By Michael Bonnette, LSU Associate Athletic Director/Communications
Orgeron, who is in his sixth season as the Tigers’ head coach, will coach for the remainder of the 2021 schedule. Since leading LSU to the 2019 national title, Orgeron and the Tigers have gone 9-8, including a 4-3 mark in 2021. Last year, LSU went 5-5, the school’s first non-winning season since 1999.
“We have very high standards for all of our sports programs at LSU, and we will stand proudly behind our expectations of competing for SEC and national championships year in and year out,” Woodward said. “Our last two seasons have simply not met that standard, and based on our on-field results and our evaluation of the potential for future immediate success, it is time for a new direction.”
Since taking over as head coach of the Tigers four games into the 2016 season, Orgeron has led LSU to a 49-17 mark, with 20 of those victories coming against teams ranked in the Top 25. LSU has beaten 13 Top 10 teams under Orgeron, the second-most of any coach in school history.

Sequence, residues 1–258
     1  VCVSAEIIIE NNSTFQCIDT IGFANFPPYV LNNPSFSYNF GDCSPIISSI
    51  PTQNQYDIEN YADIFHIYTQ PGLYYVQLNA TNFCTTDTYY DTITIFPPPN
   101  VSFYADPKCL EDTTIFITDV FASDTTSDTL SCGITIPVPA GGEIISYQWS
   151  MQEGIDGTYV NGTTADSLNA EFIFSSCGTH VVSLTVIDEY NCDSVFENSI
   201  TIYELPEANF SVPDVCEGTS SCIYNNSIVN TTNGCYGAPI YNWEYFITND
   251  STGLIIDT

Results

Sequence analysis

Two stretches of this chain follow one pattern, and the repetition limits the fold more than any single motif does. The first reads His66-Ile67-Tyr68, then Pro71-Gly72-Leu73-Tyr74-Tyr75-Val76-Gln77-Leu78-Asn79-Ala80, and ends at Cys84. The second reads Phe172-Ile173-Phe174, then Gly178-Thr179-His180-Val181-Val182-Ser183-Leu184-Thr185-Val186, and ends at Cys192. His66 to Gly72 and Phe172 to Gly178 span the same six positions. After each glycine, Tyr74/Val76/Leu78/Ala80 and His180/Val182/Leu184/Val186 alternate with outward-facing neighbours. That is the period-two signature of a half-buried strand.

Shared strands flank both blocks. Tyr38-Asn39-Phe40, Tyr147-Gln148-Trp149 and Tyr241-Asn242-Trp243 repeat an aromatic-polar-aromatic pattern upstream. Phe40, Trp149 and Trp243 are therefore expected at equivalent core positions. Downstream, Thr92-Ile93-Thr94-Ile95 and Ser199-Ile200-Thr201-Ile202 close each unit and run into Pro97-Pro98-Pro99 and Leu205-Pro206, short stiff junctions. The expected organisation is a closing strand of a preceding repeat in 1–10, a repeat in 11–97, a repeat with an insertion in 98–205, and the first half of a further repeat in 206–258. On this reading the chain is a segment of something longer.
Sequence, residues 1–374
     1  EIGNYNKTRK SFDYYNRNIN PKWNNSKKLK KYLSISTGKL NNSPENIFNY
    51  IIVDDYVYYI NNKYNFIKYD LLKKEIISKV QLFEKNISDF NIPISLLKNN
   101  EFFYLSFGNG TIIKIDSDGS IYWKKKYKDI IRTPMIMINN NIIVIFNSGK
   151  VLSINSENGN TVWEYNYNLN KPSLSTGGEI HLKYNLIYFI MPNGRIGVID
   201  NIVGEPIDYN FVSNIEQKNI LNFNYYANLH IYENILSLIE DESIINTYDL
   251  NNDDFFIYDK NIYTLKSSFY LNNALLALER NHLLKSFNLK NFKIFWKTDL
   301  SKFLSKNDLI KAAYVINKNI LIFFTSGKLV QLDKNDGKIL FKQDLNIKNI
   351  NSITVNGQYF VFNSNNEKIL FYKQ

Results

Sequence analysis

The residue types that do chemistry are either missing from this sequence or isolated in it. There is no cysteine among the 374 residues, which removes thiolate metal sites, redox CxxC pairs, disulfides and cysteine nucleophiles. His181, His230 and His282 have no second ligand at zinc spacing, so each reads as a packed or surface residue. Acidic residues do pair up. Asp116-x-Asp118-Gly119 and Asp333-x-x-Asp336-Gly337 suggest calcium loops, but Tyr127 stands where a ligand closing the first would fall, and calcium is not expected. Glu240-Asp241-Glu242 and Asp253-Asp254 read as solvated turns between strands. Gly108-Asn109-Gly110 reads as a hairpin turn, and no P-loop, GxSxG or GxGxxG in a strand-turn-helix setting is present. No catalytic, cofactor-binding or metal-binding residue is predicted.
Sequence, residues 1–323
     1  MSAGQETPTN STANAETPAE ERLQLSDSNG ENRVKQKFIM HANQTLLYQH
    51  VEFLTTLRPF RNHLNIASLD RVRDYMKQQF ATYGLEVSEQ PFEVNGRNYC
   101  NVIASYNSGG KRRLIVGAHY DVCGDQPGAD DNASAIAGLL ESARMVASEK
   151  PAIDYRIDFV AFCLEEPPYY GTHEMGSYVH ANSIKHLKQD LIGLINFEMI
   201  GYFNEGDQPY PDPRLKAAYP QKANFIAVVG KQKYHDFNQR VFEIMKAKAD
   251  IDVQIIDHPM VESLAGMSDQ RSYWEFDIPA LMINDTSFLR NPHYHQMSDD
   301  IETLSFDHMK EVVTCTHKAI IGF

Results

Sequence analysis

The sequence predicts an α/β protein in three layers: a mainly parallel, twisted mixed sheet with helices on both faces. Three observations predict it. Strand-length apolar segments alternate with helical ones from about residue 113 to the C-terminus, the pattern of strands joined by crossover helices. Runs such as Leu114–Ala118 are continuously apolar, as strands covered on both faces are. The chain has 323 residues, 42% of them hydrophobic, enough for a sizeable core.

Orgeron is the fourth-winningest coach in LSU history trailing only Charles McClendon (137 wins in 18 years), Les Miles (114 wins in 12 years) and Bernie Moore (83 wins in 13 years). His 74.2 winning percentage ranks among the top five in school history, while his four bowl victories trail only McClendon and Miles, who each won seven bowl games.
In 2019, Orgeron led LSU to the most dominant season in college football history as the Tigers beat seven Top 10 teams – the most in any season in the history of college football – on its way to claiming the school’s fourth national championship. Behind the play of Heisman Trophy quarterback Joe Burrow, LSU shattered the Southeastern Conference record book, averaging 48.4 points and 568.4 total yards per game.
Orgeron’s 2019 team won 12 of its 15 games by double-figures, including all three postseason games – a 37-10 victory over No. 4 Georgia in the SEC Championship Game; a 63-28 win over No. 4 Oklahoma in the national semifinals; a 42-25 victory over No. 2 Clemson in the national championship game.